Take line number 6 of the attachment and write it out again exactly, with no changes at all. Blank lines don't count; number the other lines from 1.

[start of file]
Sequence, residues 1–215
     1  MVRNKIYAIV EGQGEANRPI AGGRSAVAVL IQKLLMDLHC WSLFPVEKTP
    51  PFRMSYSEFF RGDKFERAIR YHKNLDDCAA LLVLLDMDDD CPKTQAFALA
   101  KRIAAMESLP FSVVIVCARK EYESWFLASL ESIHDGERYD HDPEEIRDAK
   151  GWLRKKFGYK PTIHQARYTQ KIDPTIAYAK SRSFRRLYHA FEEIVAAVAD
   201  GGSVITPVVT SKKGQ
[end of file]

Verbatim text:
   201  GGSVITPVVT SKKGQ